Looking even closer, I see that this is done on JikesRVM. That’s a research toy, and nobody puts their best GC algorithms into research toys (I was at IBM Research, worked for the same folks). Furthermore, they didn’t compare their work against Bacon et al’s RC-GC (implemented in JikesRVM), AFAICT. I mean, if you’re going to put in explicit memory-management, I’d think you’d want to compare against RC-GC also, no? [Looks like they’re comparing against an Appel generational stop-and-copy collector]
Look: I get that researchers have to do “research”. But I know from experience that the amount of improvement that can be eked-out of even really awful starting-point GCs is quite substantial: I watched as guys improved the IBM [ETA: edited] product JVM’s GC considerably, using all sorts of low-level tricks.
ETA: I mean, what did we learn that we didn’t know already from work going back three decades? That explicit memory-management can use less memory than generational stop-and-copy GC? Check. That copying GC can be faster than explicit memory management? Check. That there’s a space-time tradeoff there? Check.
Barring some serious questions about the author’s taste in language design:
Similarly, Rust the language is quite pretty, syntax-wise. Meanwhile, OCaml is so ugly that the community came up with a whole other syntax for it.
I have to agree with the author’s complaint regarding the lack of effective support for metaprogramming in OCaml:
Macros in Rust are great! OCaml has PPXes, which are separate binaries that you build using the OCaml compiler toolkit. They have a very high barrier to entry, and I’ve never built one, and really struggled to even understand the ones I use.
Lexers and parsers are typically defined separately and connected by a token stream. This separate definition is important for modularity and reduces the potential for parsing ambiguity. However, materializing tokens as data structures and case-switching on tokens comes with a cost. We show how to fuse separately-defined lexers and parsers, drastically improving performance without compromising modularity or increasing ambiguity. We propose a deterministic variant of Greibach Normal Form that ensures deterministic parsing with a single token of lookahead and makes fusion strikingly simple, and prove that normalizing context free expressions into the deterministic normal form is semantics-preserving. Our staged parser combinator library, flap, provides a standard interface, but generates specialized token-free code that runs two to six times faster than ocamlyacc on a range of benchmarks.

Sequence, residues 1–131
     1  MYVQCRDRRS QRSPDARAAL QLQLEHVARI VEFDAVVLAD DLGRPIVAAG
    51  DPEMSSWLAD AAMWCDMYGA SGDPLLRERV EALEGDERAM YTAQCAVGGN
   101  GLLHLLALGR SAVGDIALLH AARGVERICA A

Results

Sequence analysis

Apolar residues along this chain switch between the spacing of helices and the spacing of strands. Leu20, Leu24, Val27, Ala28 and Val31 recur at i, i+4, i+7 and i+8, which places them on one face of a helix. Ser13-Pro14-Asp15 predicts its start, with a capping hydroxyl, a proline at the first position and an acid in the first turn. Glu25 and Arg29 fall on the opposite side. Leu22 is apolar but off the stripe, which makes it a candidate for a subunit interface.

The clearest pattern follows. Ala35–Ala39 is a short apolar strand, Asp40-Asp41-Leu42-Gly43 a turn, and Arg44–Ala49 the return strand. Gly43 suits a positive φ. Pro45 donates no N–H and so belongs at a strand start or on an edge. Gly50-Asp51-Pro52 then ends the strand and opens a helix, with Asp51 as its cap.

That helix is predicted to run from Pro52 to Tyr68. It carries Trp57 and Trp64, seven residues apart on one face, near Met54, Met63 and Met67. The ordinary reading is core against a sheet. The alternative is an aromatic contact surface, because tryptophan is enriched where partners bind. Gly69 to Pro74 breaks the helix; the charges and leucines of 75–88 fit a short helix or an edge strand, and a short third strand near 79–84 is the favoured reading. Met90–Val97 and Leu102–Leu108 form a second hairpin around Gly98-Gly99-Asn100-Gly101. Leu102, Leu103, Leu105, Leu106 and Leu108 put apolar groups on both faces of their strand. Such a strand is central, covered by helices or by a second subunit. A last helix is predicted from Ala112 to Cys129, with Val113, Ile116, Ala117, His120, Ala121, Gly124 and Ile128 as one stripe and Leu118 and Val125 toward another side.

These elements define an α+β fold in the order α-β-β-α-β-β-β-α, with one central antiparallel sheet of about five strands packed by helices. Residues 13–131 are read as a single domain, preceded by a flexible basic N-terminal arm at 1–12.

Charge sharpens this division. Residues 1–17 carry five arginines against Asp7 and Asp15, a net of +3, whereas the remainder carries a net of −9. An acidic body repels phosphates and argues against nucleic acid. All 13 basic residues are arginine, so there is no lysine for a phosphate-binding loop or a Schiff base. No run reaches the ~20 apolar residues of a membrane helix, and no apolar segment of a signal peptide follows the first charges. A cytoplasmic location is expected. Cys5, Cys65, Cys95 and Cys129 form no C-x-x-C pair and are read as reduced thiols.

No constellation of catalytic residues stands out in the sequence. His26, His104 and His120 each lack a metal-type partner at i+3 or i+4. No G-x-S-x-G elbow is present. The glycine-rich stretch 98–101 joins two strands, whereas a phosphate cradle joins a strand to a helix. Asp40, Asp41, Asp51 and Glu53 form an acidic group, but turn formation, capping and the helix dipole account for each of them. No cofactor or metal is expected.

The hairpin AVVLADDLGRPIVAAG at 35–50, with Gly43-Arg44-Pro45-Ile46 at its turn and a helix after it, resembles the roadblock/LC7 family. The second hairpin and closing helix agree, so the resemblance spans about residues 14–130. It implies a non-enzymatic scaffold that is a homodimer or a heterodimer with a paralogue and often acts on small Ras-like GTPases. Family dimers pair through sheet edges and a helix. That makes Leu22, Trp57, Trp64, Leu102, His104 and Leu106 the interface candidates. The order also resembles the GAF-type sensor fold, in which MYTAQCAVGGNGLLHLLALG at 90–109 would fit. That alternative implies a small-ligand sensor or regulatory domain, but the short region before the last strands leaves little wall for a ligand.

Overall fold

We published a blog post that might be interesting to OCaml devs.
When working with large codebases such as Tezos Octez, it is important to make the code highly readable.
Discover “labelled type parameters” - a lesser-known OCaml trick used by Nomadic Labs devs to reach this objective: Nomadic Labs - Labelled type parameters in OCaml
I just finished reading this. Thank you for posting. Can I please please please suggest you make a front-page article about it? And maybe put the “Conclusions” in the post, to kickstart discussion? I have to say: I was surprised to learn that even UTF-32 is not fixed-width.
ETA: we should all read this article. All of us. And I basically never write anything user-facing. Still, I’mm glad I read this.
Note that this article is still an approximation, in particular extended grapheme clusters don’t really match human-perceived characters because they can’t account for ligatures. For instance, a font renderer may decide to render aesthetic as æsthetic. Similarly, some scripts have a quite complex text layout where segmentation into individual characters is subjective: how many characters in द्ध्र्य, ශ්ර, , or ﷺ ? Note that I can’t even predict the answer on your screen for the first two because it will depend on how well your system fonts support indic scripts, and typically on my system द्ध्र्य and द्ध्र्य are rendered with a different number of “characters”. And this is not even touching the issue of hieroglyphic control characters whose implementations are a work-in-progress … everywhere.